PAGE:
Solar Cooking – Impossible Coconut Pie II

While I enjoyed our previous (first shot at) Solar Impossible Pie, I KNOW that our family will enjoy following a dessert recipe even more. Among all of those types of recipes gleaned off of the Internet, the MOST popular seemed to be Impossible Coconut Pie, then I happened across “Impossible Coconut Pie II” found on allrecipes.com that had near a perfect 5 star rating out of 49 evaluations as I type this.  The recipe below is adjusted to add a little extra coconut, (which we enjoy).  I will not be pouring the entire mix in my little camping skillet, believing a teenage granddaughter will know what to do with the leftovers. 😀  Please note that this is NOT a “coconut creme pie” – that is a totally different recipe – if you prepare it thinking “coconut creme” you are destined for disappointment. 8)

Ingredients

  • 2 cups milk
  • 1 1/4 cup flaked coconut
  • 4 eggs
  • 1 teaspoon vanilla extract
  • 1/2 cup all-purpose flour
  • 4 tablespoons margarine
  • 3/4 cup white sugar
  • 1/4 teaspoon ground nutmeg

Directions

Place milk, coconut, eggs, vanilla, flour, margarine, and sugar in blender. Mix well. Pour into a greased and floured container, (again, I am using my little camping skillet with lid, however, a couple of black pie pans would work just as well). We used butter and about 3 tblsp of flour, then tapped off the excess flour onto a paper towel.  I waited until I had the pan in my little glass “solar cooking chamber” to sprinkle 3 pinches, (thumb & forefinger), of  nutmeg on top.

Today our temperature outside was about 75 degrees with PLENTY of sunshine.  Cooking time for this dish, under these conditions, should be well over 2 hours.  For our initial try, we waited until 1 1/2 hours had elapsed before I “peeked”, at which time a toothpick test told me it was well away from being fully set. Given the additional coconut we added, that also added more cooking time. The next time we do this dish we will wait a full 2 hours before the initial peek/test.  Total cooking time under today’s conditions, including 1 extra “peek”  was 2 hours 50 minutes.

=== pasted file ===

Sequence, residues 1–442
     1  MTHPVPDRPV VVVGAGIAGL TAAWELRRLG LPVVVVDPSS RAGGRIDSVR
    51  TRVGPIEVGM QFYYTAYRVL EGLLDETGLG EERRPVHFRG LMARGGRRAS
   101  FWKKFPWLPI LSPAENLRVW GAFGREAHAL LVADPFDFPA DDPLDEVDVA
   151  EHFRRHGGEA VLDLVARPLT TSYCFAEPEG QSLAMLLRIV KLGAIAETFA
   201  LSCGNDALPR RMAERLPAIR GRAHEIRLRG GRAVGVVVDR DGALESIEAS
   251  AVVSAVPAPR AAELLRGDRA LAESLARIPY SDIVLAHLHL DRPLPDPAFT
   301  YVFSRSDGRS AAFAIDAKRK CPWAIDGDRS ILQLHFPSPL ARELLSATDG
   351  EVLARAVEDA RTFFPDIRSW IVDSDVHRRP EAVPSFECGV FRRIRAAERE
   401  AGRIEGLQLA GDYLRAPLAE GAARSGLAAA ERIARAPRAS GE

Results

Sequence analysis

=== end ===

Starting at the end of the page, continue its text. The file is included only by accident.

Ours was served with Cool Whip with a generous sprinkling of toasted coconut on top which is highly recommended for this pie.  We let it “rest” on the kitchen counter while preparing and eating dinner – given that time it collapsed down to a very custard-like consistency and flavor. (Not bad at all for a 1st try).

Notes: Since the regular baking flour used in this recipe will not cause it to rise near as much as bisquick would, I was able to introduce all but about 1/4 cup of the entire mix into my little camping skillet without too much fear.  Your mileage may vary depending upon your cooking container.  After the initial try I have reduced the butter in this recipe from 6 to 4 tablespoons and may reduce it further to 3 pending our next try at this one – we enjoyed it well enough to assure there WILL be more. Also, if your cooking pan is non-stick, there is no reason to grease/flour it before cooking. I am additionally going to recommend that you assure your cooker is on a surface that is pretty level – plan to chalk that up as a “lesson re-learned”. 🙂

Solar Cooking Impossible Coconut Pie II
Solar Cooking Impossible Coconut Pie II

 

Fresh out of the ASSC it passed the teenager sniff test

Fresh out of the ASSC it passed the teenager sniff test

Again, (as found on the ASSC web site), we use Anchor Hocking oven-ware to form our “solar cooking chamber”, necessary to keep the wind from blowing across the pot and cooling it. This time it is just two 9.5″ glass pie plates with one inverted over the other. For recipes involving taller pots, we will use an inverted Anchor Hocking 4 qt. mixing bowl, and for the tallest, two of the same.  I should note here that Mr. La Joie does so many demonstrations he now uses plastic mixing bowls to avoid breakage and the sheer weight considerations.

This entry was posted by dave on Tuesday, June 7th, 2011 at 1:01 pm and is filed under Uncategorized . You can follow any responses to this entry through the RSS 2.0 feed. Both comments and pings are currently closed.

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